Earlier religious coping studies reported that after receiving a diagnosis of cancer, the patient’s worldview remains the same as it was before the diagnosis, but the individual’s worldview is strengthened (Ausker 2012, pp. 173, 188). Interaction with God can provide not only consolation but also difficulties when trying to understand why questions (Nielsen and Sørensen 2013, pp. 121–124). Religious rituals and conversation with a chaplain or imam are helpful when existentially and religiously reflecting on the cancer experience (e.g., Boelsbjerg 2013; Lankinen 2001, p. 132; Lundmark 2010, 2015).
After the cancer diagnosis, social relations become more important. The psychosocial support given by healthcare providers promotes a feeling of well-being (Seibaek et al. 2012, p. 367). From the perspective of informational support, awareness of the truth with access to all possible information is highly important (Mattila 2002). Emotional support occurs when the patient is listened to in an empathetic atmosphere and is able to share feelings and emotions (Hvidt 2013b, pp. 617–632; Nielsen 2005, pp. 102–104). Moreover, the meaning of religion becomes vivid through social relations (Ausker 2012, pp. 173, 188). Close relationships are significant sources of meaning (Nielsen and Sørensen 2013, pp. 121–124).
Religious, spiritual, and secular meaning-making
This study embraces two complex theoretical discussions. First, defining the phenomena of religion and spirituality is difficult; the only common understanding seems to be that they are multidimensional concepts (Corrigan 2004, p. 4; Hermans 2014, pp. 113–126; Oman 2013, pp. 23–27; Pargament 1999, pp. 3–16; Zinnbauer and Pargament 2005). Second, the theoretical discussion on meaning-making is constantly expanding. Next, I will introduce some key issues related to meaning-making and place them in the narrative context. I will also specify how I am defining “religion” and “spirituality” in this study.
Finding meaning in life and in a crisis is a primary need for human beings. This meaning itself can change over time and varies between individuals (Frankl 2010/1959, pp. 90, 99). Meaning-making refers to the process by which an individual “attempts to restore global meaning when it has been disrupted or violated” (Park 2013, p. 360). A crisis of meaning occurs when an individual’s sense of coherence and continuity is violated. Usually, this crisis is followed by a search for meaning (Schnell 2009, p. 488). In this meaning-making process, people try to make sense out of the world and of themselves (Bruner 1990, p. 2). From the perspective of narrative identity, the storyline of an individual is shaken when a crisis occurs; nevertheless, after a favorable coping process, the storyline can return to a stable state (Ganzevoort 1998b, p. 284). Stories have the ability to unite life events and provide a feeling of continuity (e.g., McAdams 1988, 2008, 2009).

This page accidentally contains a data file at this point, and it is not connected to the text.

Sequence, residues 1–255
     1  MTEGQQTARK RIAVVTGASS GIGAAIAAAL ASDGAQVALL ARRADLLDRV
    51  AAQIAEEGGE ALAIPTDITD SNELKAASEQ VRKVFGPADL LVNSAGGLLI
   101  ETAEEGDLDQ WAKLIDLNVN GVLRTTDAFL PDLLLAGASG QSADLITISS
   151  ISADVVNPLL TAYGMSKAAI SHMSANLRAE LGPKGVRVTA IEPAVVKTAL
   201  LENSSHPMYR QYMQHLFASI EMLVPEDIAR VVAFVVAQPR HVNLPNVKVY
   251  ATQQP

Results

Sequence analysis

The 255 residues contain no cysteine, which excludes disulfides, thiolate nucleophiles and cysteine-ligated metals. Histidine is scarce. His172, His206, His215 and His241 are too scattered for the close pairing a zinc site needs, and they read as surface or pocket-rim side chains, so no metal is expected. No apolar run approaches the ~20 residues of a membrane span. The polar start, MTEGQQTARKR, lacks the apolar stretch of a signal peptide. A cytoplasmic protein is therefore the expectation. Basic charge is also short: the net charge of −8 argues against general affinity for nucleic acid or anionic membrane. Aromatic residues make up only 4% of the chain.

This sort of coherence of a story could be defined in Schnell’s (2009) terms as meaningfulness, which is grasped when an individual appraises his or her life as coherent, significant, directed, and belonging. Sources of meanings combine human cognition, behavior, and emotion, and they are ultimate meanings. The Sources of Meaning and Meaning in Life Questionnaire includes 26 orientations of meanings that form four dimensions: self-transcendence, self-actualization, order, well-being and relatedness (pp. 487–488). Both Park (2013) and la Cour and Hvidt (2010) suggest that religious, spiritual, and secular meanings can be found in the meaning-making process. I agree with la Cour and Hvidt (2010) that there must be an awareness of each of these three concepts. Unfortunately, their theoretical grid does not include studies of “lived religion” found in sociology of religion or theology. I will complement the idea of la Cour and Hvidt (2010) with theological views and the literature of sociology of religion and, in addition, introduce other notions from the field of psychology of religion.